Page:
To our knowledge, electrical velocimetry CO has never been investigated in septic patients before. The aim of the present study was to compare electrical velocimetry and transthoracic thermodilution CO estimation in septic patients after major general surgery.


The study protocol was approved by the ethics committee at Charité University Medicine Berlin. Inclusion criteria were ongoing severe systemic inflammatory response syndrome (SIRS) or sepsis as defined by the International Sepsis Definition Conference 2001 with manifest haemodynamic instability and therefore an indication for advanced cardiac monitoring. Patients who underwent major pulmonary resection or aortic bypass grafting were excluded because transthoracic thermodilution measurement is potentially not reliable. For the same reason, patients with manifest atrial fibrillation were excluded.

All patients treated on the surgical ICU of the Department of General, Visceral, Vascular and Thoracic Surgery, Charité University Medicine Berlin Campus Mitte, who met the inclusion criteria, were assessed, and written informed consent was obtained before the measurements from every patient or his/her legal guardian.

Patients were considered haemodynamically unstable if relevant (dobutamine >2 μg kg−1 min−1) or increasing inotropic support or any vasopressors were required to keep the mean arterial blood pressure (MAP) greater than 60 mmHg or if there were strong clinical hints (e.g. good responsiveness on fluid challenges or a clearly increasing MAP after leg raising) for a low cardiac preload caused by fluid losses.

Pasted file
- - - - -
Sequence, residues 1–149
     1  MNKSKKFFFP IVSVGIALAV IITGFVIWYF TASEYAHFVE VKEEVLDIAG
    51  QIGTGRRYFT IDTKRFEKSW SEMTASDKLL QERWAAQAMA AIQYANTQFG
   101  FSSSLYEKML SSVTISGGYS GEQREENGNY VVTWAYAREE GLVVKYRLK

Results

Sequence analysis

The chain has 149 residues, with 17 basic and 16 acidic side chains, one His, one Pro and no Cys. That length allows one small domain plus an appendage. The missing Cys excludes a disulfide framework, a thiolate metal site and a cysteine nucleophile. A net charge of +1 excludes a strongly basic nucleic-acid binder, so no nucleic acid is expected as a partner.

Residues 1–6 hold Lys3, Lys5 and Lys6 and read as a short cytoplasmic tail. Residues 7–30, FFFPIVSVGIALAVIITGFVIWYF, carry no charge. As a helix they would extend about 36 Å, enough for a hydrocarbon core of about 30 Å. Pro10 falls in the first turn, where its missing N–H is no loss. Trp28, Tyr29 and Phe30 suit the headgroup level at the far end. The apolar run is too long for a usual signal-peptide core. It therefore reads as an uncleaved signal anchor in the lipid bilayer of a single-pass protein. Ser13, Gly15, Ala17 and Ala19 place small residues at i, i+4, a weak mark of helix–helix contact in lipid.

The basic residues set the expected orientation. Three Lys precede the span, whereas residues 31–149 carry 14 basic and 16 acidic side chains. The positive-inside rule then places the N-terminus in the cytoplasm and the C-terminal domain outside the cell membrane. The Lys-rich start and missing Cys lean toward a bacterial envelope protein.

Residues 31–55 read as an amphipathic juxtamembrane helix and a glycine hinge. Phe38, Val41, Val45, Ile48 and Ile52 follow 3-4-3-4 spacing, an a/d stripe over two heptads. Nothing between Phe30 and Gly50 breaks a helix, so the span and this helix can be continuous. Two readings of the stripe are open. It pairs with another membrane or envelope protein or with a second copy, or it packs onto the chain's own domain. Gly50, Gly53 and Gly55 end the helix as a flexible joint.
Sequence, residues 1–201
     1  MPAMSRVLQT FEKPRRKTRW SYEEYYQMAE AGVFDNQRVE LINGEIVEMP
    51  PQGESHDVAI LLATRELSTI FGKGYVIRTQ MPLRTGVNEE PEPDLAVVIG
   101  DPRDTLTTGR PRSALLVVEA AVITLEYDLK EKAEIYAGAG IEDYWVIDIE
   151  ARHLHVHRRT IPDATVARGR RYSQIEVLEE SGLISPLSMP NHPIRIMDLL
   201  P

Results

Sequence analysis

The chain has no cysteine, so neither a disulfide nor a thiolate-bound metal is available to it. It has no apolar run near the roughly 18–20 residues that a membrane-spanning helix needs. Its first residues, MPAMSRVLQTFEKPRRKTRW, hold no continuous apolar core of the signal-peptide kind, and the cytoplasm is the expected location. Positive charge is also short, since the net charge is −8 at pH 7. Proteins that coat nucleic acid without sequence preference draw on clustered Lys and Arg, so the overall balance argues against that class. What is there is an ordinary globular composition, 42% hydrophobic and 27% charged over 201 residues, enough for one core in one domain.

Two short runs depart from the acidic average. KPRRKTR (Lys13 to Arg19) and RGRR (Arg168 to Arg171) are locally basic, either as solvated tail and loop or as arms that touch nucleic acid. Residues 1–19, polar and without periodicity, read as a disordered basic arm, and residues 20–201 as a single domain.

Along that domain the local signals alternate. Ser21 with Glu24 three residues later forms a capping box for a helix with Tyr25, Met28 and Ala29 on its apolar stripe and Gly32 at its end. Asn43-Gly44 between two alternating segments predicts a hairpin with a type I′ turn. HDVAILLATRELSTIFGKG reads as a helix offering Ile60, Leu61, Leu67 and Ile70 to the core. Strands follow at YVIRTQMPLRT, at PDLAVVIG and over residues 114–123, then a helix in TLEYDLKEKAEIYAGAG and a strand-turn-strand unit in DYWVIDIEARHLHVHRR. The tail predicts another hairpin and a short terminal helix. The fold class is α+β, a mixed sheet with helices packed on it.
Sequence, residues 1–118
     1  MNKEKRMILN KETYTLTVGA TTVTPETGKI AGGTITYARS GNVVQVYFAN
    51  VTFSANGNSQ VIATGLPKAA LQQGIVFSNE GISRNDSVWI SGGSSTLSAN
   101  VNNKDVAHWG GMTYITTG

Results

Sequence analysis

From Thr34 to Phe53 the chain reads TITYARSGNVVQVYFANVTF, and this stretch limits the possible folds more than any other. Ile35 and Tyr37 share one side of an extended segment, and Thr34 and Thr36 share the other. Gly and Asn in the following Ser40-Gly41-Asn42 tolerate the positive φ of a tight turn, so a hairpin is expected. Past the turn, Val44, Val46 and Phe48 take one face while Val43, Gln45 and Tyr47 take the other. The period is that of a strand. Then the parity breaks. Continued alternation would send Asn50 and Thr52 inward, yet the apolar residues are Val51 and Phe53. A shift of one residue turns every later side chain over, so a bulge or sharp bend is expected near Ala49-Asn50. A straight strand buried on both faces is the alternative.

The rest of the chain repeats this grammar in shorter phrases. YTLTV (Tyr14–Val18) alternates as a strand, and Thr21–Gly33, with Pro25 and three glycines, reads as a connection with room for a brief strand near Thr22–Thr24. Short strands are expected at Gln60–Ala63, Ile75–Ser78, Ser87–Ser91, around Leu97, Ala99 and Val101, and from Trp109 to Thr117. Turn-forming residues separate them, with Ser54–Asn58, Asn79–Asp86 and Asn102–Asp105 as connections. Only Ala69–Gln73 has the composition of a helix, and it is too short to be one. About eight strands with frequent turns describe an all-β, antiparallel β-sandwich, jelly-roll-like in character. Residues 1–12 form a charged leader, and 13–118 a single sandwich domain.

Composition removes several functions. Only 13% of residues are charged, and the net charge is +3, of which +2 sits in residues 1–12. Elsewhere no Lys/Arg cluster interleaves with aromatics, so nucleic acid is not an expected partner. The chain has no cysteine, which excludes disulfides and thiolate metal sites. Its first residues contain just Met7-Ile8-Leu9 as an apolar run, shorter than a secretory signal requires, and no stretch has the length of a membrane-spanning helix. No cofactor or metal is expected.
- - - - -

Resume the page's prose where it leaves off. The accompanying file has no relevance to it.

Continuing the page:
CO measurements by thoracic electrical bioimpedance/electrical velocimetry (Aesculon, Osypka Medical, Berlin, Germany) and transthoracic thermodilution (PiCCO, Pulsion Medical Systems AG, Munich, Germany) were obtained immediately after insertion of the thermodilution catheter. This catheter was regularly inserted into the femoral artery. In two cases with inguinal soft-tissue infection or known high-grade femoral atherosclerosis, an axillary access was chosen. A central venous catheter was placed in the superior vena cava in all patients. The correct position of the tip was assessed using intracardiac ECG during the insertion and an additional radiograph after admission to the ICU. The measurement of CO by the transpulmonary thermodilution technique was based on the Stewart–Hamilton equation. The temperature profile was measured in a peripheral artery after injection of cold indicator solution into the right atrium and passing the pulmonary circulation. The detailed technique is described elsewhere and its comparability against the pulmonary artery thermodilution technique using a heated pulmonary artery catheter has been previously demonstrated [16–18]. To calibrate the pulse wave analysis, three sequential thermodilution measurements with 15 ml iced saline solution were performed, averaged and used for comparison with the simultaneously obtained bioimpedance data in this study.